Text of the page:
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  • **FILE** Rep. Jackie Speier, California Democrat. (Associated Press)

    Oversight Democrats: IRS, agencies need IT help, not just criticism

    Amid partisan bickering over the IRS' political targeting scandal, Democratic Rep. Jackie Speier told the House oversight committee to do something "constructive in nature" so government agencies are not left in a technological Stone Age.

  • Pentagon using change in diagnoses to hide sexual assault cases, critics charge

    Lawmakers say they fear the Defense Department has found a new way to drum sexual assault victims out of the service: by diagnosing adjustment disorder and having them discharged from the military.

  • ** FILE ** In this Feb. 11, 2005, file photo, trays of printed Social Security checks wait to be mailed from the U.S. Treasury's Financial Management services facility in Philadelphia. (AP Photo/Bradley C. Bower, File)

    Disability fraud piles up as Social Security ties judges' hands: lawmakers

    Key members of Congress said Tuesday that two Social Security judges may have approved thousands of bogus disability claims, but the agency has never gone back to review those judges' cases to stop the ones that were fraudulent.

  • Brig Gen. Jeff Sinclair arrives to the Fort Bragg courthouse, for his sentencing hearing, Wednesday, March 19, 2014, in Fort Bragg, N.C. Sinclair, who was accused of sexually assaulting a subordinate, plead guilty to lesser charges in a plea deal reached with government prosecutors. (AP Photo/The Fayetteville Observer, Andrew Craft) MANDATORY CREDIT

    US general spared prison in sexual misconduct case

    The Army general at the center of a sexual misconduct case that put the military justice system itself on trial was spared prison Thursday and sentenced to a reprimand and a $20,000 fine - a punishment legal experts, a women's group and members of Congress decried as shockingly light.

  • Brig. Gen. Jeffrey Sinclair, who admitted to inappropriate relationships with three subordinates, avoided jail in one of the military's most closely-watched court-martials. (Associated Press)

    General's lenient sentence in sex-assault case spurs talk of 'officer discount'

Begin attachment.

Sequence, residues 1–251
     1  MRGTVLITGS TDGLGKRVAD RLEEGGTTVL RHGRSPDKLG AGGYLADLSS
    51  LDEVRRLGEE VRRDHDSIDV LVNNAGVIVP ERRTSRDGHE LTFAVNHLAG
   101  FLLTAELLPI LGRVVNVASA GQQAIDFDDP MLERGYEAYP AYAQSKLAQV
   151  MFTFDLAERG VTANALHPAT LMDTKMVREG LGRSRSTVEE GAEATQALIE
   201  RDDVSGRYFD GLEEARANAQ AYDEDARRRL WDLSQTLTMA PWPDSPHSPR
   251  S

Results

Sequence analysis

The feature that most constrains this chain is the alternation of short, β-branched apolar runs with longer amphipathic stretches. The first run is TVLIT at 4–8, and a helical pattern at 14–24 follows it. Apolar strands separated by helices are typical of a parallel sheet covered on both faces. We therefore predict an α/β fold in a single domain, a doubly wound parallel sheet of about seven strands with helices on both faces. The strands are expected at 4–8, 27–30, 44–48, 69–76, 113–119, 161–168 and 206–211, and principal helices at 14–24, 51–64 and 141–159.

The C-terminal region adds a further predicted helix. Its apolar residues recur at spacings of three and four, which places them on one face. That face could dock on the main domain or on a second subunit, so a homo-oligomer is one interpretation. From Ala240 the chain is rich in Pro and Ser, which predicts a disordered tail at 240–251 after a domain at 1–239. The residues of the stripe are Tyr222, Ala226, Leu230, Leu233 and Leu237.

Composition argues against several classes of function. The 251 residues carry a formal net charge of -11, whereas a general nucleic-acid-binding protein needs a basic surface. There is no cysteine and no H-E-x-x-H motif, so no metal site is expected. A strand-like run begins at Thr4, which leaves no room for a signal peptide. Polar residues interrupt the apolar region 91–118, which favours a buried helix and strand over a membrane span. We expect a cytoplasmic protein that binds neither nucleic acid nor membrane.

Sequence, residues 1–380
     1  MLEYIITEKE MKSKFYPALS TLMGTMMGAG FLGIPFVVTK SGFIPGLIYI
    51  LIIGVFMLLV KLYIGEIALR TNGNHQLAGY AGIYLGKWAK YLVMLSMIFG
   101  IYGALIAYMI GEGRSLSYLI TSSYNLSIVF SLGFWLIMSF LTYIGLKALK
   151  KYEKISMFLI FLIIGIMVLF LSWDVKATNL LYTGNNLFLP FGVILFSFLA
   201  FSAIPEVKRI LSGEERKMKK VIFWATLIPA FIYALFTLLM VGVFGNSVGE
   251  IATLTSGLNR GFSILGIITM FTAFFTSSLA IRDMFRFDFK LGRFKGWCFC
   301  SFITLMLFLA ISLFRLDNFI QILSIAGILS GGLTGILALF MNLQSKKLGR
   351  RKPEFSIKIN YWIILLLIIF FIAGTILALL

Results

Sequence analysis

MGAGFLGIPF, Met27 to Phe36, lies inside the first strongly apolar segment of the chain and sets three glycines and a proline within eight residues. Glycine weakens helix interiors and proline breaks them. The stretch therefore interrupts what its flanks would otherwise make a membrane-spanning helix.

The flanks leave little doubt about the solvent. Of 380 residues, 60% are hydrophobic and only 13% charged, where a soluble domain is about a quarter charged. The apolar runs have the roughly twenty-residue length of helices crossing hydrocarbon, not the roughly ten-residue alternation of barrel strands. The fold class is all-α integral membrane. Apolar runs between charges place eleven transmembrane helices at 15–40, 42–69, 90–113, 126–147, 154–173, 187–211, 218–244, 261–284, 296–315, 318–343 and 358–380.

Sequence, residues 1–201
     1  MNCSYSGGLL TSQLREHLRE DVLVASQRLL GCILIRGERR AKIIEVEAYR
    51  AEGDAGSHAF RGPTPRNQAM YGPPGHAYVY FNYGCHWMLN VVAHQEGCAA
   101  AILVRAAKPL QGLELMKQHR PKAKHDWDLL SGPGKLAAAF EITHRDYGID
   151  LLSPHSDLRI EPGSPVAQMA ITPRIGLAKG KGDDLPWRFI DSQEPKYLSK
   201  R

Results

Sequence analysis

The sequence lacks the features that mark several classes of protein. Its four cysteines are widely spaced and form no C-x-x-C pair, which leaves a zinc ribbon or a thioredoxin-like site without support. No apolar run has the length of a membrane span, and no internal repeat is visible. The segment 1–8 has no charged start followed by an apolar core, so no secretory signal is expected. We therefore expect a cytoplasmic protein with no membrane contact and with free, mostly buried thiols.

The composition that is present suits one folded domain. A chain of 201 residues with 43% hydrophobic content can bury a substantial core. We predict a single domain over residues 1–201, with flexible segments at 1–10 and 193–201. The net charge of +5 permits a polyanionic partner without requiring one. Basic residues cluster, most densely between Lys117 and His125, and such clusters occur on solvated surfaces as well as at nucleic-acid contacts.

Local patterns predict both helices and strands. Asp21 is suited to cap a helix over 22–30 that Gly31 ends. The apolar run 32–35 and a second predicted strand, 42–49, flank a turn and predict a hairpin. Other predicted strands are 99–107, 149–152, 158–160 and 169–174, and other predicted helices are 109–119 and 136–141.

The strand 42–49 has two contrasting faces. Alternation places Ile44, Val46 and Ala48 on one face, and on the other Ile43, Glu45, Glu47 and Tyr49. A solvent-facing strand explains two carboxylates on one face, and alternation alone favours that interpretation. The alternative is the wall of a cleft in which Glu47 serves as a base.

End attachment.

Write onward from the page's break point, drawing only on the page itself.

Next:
Lawmakers and legal experts Thursday questioned the seemingly lenient sentence given to an Army general in a high-profile U.S. military sexual-assault case, saying it smacked of being an "officer discount" that will bolster widespread perceptions of unfairness in the nation's military justice system.

  • AWOL on Hill: Fundraising trumps voting

    Voting on bills and resolutions is a member of Congress' most basic duty, but only 10 of its current 535 lawmakers represented their constituents on every vote last session.

  • **FILE** Rep. Jackie Speier, California Democrat. (Associated Press)

    Congress implored to denounce sexual-orientation therapy

    In the latest attack on therapies aimed at helping gay patients who want to become heterosexual, a California congresswoman Wednesday said she was introducing a resolution calling on the U.S. Congress to denounce the practice.

  • "We underestimate emerging terror groups at our peril," said Rep. Patrick Meehan, Pennsylvania Republican and chairman of a Homeland Security subcommittee, at a hearing Wednesday. (Associated Press)

    Nigerian terrorists pose threat to U.S.

    The Nigerian Islamist terrorist group Boko Haram poses an "emerging threat" to the United States and is set to join other al Qaeda affiliates in plotting attacks against the U.S. homeland, a congressional panel said Wednesday.

  • Illustration: Bullies by Alexander Hunter for The Washington Times

    KNIGHT: The bullies' many pulpits

    When I was a kid, I got bullied fairly frequently because I was short. So my parents enrolled me in a judo class. After a few unexpected flips in the hallways, the bullies left me alone. Confronting bullies helps build character.

  • Rep. Jackie Speier, California Democrat, talks with TV actress Lauren Potter (right) during a congressional briefing Wednesday on bullying children with special needs. Miss Potter has Down syndrome. (Barbara L. Salisbury/The Washington Times)

    Standing up against bullies

    Speaking with a little sass and a lot of passion, "Glee" actress Lauren Potter stole the show when she joined forces with lawmakers on Capitol Hill to say "enough is enough" to bullying special-needs children.

  • **FILE** House Energy and Commerce Committee Chairman Henry A. Waxman hinted that he will have trouble rounding up the votes to pass the president's mandate. AGENCE FRANCE-PRESSE/GETTY IMAGES

    Lawmakers' taste for pork returns to Capitol Hill

    Pork is back on the menu and the appetite is growing on Capitol Hill, where the number of lawmakers voluntarily swearing off earmarks for pet projects has fallen by nearly half compared with last year.

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